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Am J Cardiol. 1992 Jun 15;69(19):1581-6.

Use of limb movement sensors as indicators of the level of everyday physical activity in chronic congestive heart failure.

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  • 1Cardiac Department, Royal Free Hospital, London, United Kingdom.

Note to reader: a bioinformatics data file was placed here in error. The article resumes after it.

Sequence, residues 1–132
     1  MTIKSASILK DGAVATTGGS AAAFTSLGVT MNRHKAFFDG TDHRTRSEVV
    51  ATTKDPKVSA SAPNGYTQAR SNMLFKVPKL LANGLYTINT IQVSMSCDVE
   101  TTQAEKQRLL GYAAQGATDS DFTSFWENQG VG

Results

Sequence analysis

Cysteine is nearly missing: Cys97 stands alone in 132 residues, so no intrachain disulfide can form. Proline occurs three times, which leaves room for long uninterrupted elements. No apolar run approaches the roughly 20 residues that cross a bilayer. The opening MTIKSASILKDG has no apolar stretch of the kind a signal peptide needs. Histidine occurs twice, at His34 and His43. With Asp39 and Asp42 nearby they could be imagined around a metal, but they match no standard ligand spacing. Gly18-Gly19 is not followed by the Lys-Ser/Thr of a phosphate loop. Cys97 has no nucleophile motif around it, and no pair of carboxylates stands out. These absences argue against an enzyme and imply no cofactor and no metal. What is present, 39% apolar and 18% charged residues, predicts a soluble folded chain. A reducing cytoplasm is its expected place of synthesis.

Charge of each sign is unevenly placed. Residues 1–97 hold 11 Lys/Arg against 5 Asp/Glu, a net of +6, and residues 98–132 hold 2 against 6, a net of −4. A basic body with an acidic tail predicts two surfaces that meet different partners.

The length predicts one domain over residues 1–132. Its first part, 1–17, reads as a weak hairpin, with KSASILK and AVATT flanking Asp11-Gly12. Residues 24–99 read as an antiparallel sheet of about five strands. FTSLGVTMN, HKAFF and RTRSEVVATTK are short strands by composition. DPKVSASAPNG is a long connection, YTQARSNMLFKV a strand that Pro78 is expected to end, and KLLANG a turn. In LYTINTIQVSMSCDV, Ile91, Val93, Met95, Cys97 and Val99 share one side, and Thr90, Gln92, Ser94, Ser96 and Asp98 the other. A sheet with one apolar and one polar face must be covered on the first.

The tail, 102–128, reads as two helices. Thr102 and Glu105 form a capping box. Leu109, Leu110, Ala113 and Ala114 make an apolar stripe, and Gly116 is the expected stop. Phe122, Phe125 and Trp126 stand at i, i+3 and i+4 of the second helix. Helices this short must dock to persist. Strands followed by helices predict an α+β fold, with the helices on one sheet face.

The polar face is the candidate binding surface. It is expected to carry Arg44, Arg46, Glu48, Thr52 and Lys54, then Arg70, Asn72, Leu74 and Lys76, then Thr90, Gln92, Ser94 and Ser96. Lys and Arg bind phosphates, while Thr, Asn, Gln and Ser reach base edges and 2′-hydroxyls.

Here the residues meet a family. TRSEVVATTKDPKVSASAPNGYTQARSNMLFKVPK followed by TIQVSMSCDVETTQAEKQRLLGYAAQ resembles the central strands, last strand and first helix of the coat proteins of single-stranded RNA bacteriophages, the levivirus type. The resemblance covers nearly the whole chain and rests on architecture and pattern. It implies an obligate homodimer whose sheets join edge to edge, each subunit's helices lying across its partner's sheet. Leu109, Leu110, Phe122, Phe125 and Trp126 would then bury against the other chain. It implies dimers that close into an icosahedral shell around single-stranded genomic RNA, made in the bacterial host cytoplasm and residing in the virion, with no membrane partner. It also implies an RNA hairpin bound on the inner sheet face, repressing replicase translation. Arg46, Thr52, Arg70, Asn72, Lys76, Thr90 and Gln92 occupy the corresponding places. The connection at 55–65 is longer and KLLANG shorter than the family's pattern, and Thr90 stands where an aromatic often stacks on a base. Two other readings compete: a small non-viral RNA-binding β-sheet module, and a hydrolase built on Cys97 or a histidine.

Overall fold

The level of everyday physical activity of patients with chronic congestive heart failure (CHF) may be an important reflection of their quality of life. Everyday physical activity is difficult to measure objectively, and may not relate to exercise capacity determined by laboratory exercise testing. A light-weight sensor worn on the wrist or ankle, which provides a cumulative record of limb movement, was evaluated. The sensor counted reliably when tested in a laboratory rig and during treadmill exercise. In 20 young normal subjects, hourly movement scores showed the expected diurnal rhythm. Twenty-four-hour movement scores in 30 patients with stable CHF were lower than in 20 age-matched control subjects (p less than 0.005). Movement scores in CHF correlated with a standard questionnaire scale assessing everyday physical activity (R = +0.72, p less than 0.001). Consecutive daily scores varied widely, but wrist and ankle scores were correlated (R greater than +0.7, p less than 0.05 in each subject), suggesting true day-to-day differences in activity rather than variability in the recording method. Recording for 5 to 6 consecutive days provides a reliable estimate of mean 24-hour movement score for a subject, and mean 24-hour scores were reproducible when subjects were retested after 8 weeks. There was a weak correlation between movement scores and exercise capacity as measured by peak oxygen consumption during maximal treadmill exercise (R = +0.42, p = 0.01). Quality-of-life score correlated with movement scores (R = +0.53, p less than 0.002) but not with peak oxygen consumption (R = +0.36; p = not significant).(ABSTRACT TRUNCATED AT 250 WORDS)

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